Bone Rep. 2022 Oct 19;17:101629. doi: 10.1016/j.bonr.2022.101629. eCollection 2022 Dec.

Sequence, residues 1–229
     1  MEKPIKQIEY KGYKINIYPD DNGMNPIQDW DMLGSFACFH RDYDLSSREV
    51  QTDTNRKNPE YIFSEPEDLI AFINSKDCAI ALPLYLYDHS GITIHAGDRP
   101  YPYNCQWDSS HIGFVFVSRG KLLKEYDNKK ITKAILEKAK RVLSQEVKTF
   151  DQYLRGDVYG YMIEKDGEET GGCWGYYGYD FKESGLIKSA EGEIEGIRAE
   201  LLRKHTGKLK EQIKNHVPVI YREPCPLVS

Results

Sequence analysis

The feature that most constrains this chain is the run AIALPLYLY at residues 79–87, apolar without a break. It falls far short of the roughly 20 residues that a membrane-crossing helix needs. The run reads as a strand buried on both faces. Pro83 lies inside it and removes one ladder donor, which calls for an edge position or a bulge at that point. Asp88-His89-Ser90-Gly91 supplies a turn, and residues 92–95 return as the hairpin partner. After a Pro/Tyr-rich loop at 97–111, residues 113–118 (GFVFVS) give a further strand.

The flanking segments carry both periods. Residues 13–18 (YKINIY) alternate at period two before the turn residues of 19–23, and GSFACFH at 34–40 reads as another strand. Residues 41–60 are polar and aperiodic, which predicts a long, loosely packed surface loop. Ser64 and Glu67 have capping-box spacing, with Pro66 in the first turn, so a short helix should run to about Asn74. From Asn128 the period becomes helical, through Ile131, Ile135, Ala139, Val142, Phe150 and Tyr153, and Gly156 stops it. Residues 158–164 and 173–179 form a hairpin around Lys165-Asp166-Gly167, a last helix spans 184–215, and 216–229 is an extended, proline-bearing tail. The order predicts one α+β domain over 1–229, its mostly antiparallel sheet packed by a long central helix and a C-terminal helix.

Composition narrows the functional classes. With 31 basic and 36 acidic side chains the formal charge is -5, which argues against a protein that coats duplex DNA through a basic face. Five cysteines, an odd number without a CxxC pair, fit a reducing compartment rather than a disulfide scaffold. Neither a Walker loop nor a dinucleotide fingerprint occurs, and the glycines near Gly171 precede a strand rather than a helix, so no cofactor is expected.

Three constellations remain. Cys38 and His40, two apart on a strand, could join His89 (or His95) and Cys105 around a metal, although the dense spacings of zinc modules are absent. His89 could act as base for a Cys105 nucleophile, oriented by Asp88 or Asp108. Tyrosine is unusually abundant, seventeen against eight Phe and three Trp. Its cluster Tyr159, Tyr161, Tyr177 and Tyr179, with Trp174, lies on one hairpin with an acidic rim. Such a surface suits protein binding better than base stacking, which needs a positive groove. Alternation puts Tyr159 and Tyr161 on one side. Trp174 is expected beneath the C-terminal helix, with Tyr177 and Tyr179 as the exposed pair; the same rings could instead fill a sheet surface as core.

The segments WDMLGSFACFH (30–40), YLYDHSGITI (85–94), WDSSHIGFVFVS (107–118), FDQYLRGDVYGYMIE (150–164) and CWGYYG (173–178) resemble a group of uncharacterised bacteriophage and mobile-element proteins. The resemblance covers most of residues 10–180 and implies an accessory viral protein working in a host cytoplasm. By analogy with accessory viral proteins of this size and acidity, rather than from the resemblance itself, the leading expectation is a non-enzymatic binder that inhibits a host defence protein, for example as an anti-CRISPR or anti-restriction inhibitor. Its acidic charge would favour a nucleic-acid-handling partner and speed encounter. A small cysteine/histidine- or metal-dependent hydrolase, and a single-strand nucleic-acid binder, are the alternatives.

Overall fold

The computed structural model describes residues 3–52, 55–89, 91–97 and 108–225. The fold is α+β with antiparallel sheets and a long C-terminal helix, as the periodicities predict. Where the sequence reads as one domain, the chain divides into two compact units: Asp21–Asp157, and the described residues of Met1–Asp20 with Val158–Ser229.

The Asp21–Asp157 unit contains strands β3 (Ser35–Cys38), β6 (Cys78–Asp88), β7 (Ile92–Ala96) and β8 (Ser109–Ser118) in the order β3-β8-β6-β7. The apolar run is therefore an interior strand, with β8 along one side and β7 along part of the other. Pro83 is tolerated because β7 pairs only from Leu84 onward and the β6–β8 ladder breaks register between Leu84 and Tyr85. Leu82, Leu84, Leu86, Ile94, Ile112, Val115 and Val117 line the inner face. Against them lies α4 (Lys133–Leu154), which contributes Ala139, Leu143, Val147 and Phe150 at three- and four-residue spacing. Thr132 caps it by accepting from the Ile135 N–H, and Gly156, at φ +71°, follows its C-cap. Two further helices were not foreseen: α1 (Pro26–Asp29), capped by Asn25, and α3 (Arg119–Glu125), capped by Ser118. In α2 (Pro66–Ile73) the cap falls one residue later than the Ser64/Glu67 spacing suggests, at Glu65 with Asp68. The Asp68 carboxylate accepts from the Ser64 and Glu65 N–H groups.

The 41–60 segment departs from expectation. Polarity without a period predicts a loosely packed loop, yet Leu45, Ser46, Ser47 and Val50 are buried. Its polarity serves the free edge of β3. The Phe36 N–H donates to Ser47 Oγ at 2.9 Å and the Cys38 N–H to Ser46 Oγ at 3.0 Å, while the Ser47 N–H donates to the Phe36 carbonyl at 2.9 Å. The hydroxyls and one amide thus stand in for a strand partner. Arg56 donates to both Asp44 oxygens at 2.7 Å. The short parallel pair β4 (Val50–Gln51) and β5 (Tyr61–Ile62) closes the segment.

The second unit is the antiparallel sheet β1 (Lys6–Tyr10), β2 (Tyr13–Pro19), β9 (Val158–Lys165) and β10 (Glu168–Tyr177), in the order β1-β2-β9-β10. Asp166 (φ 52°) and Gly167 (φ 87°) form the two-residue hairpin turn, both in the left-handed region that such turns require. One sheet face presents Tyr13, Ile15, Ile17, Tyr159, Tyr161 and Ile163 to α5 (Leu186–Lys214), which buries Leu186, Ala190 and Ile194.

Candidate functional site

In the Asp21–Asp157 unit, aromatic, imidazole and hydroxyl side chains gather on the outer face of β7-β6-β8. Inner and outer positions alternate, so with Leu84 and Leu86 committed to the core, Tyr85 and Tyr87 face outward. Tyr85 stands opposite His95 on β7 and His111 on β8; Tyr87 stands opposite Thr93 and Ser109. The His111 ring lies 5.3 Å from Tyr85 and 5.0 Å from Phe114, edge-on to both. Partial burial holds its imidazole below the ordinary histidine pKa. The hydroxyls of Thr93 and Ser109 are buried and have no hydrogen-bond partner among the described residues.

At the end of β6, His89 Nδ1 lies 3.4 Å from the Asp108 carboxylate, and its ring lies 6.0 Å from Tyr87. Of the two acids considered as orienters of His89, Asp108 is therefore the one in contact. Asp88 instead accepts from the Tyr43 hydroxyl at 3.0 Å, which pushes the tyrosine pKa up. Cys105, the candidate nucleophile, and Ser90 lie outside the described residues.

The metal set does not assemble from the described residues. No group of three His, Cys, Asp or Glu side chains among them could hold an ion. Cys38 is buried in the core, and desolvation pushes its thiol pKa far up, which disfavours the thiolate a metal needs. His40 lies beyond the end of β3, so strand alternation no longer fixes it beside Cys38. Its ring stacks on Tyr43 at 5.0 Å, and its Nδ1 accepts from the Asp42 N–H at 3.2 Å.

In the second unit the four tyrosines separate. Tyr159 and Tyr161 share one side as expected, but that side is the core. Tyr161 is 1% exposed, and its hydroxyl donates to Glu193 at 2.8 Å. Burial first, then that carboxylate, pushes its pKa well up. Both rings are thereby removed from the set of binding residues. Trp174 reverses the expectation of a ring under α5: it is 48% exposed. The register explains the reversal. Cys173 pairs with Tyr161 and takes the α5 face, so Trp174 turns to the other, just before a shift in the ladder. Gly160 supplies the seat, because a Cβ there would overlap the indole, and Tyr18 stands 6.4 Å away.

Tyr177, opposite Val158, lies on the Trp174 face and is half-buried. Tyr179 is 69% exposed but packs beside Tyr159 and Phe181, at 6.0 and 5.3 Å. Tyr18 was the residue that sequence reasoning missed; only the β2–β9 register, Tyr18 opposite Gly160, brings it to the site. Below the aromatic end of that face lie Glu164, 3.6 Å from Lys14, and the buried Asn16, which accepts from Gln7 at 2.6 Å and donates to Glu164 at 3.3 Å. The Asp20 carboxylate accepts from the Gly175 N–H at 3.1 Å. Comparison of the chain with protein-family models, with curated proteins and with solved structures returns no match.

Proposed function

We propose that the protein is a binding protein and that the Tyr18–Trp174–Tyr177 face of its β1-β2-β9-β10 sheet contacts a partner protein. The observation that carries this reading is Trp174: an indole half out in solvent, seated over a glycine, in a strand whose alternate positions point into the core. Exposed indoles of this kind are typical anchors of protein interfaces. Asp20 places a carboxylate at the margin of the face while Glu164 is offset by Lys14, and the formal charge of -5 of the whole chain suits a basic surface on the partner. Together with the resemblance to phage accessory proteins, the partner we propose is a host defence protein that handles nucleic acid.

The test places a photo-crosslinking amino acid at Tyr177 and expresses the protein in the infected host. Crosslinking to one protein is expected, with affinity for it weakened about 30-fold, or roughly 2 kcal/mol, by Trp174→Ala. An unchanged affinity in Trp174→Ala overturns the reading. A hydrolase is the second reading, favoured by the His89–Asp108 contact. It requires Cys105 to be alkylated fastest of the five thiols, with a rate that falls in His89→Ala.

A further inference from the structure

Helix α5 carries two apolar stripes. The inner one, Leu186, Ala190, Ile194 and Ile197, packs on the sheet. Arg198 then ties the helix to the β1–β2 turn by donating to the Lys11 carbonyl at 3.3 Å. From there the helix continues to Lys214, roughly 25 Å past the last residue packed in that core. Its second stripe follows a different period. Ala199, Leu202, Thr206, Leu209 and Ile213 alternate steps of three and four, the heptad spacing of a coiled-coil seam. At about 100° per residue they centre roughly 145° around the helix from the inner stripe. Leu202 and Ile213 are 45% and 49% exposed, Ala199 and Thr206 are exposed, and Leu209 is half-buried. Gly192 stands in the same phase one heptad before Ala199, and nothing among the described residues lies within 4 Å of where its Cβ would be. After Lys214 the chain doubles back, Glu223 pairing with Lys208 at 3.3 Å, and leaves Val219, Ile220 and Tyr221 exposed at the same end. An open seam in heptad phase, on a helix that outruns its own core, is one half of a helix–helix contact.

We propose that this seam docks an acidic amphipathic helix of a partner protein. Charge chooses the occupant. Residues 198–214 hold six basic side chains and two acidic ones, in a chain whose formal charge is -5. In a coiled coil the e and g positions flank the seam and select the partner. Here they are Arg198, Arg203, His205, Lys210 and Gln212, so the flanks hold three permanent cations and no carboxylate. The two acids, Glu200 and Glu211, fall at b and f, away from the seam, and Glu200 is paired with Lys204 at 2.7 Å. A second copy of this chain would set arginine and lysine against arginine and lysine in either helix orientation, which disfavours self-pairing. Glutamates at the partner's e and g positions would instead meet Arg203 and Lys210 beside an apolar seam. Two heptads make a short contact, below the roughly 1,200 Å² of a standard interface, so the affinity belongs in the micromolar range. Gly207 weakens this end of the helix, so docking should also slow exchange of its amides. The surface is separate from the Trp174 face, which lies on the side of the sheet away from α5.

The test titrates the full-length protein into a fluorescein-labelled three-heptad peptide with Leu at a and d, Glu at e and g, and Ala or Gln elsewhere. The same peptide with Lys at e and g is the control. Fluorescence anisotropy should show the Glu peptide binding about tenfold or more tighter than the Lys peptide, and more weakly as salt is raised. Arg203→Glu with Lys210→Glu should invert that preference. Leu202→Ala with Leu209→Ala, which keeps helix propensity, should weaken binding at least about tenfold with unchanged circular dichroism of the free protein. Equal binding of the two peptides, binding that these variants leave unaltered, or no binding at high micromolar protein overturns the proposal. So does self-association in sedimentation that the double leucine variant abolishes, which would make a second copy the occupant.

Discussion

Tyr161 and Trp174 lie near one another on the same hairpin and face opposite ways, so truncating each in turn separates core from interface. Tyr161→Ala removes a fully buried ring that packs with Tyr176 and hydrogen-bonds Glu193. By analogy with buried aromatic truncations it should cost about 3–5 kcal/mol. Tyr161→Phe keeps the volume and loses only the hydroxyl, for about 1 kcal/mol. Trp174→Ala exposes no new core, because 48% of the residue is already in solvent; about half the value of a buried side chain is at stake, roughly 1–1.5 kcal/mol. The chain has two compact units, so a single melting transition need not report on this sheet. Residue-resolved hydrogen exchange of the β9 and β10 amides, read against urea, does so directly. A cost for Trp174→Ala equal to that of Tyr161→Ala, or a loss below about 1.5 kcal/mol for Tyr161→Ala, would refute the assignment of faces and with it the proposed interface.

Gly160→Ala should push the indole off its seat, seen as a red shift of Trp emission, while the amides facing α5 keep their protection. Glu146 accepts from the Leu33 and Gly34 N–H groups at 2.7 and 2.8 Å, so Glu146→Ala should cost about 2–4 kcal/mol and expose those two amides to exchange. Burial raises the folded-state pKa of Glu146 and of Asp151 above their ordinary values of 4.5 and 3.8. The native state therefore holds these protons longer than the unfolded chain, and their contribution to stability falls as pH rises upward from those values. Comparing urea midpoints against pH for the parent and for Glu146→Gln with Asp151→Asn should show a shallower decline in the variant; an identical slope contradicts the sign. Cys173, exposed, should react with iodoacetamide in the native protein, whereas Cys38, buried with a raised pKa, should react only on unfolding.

Compromises to collagen and mineral lead to a decrease in whole bone quantity and quality in a variety of systemic diseases, yet, clinically, disease manifestations differ between craniofacial and long bones. Collagen alterations can occur through post-translational modification via lysyl oxidase (LOX), which catalyzes enzymatic collagen cross-link formation, as well as through non-enzymatic advanced glycation end products (AGEs) such as pentosidine and carboxymethyl-lysine (CML). Characterization of the cross-links and AGEs, and comparison of the mineral and collagen modifications in craniofacial and long bones represent a critical gap in knowledge. However, alterations to either the mineral or collagen in bone may contribute to disease progression and, subsequently, the anatomical site dependence of a variety of diseases. Therefore, we hypothesized that collagen cross-links and AGEs differ between craniofacial and long bones and that altered collagen cross-linking reduces mineral quality in an anatomic location dependent. To study the effects of cross-link inhibition on mineralization between anatomical sites, beta-aminoproprionitrile (BAPN) was administered to rapidly growing, 5-8 week-old male mice. BAPN is a dose-dependent inhibitor of LOX that pharmacologically alters enzymatic cross-link formation. Long bones (femora) and craniofacial bones (mandibles) were compared for mineral quantity and quality, collagen cross-link and AGE profiles, and tissue level mechanics, as well as the response to altered cross-links via BAPN. A highly sensitive liquid chromatography/mass spectrometry (LC-MS) method was developed which allowed for quantification of site-dependent accumulation of the advanced glycation end-product, carboxymethyl-lysine (CML). CML was ∼8.3× higher in the mandible than the femur. The mandible had significantly higher collagen maturation, mineral crystallinity, and Young’s modulus, but lower carbonation, than the femur. BAPN also had anatomic specific effects, leading to significant decreases in mature cross-links in the mandible, and an increase in mineral carbonation in the femur. This differential response of both the mineral and collagen composition to BAPN between the mandible and femur highlights the need to further understand how inherent compositional differences in collagen and mineral contribute to anatomic-site specific manifestations of disease in both craniofacial and long bones.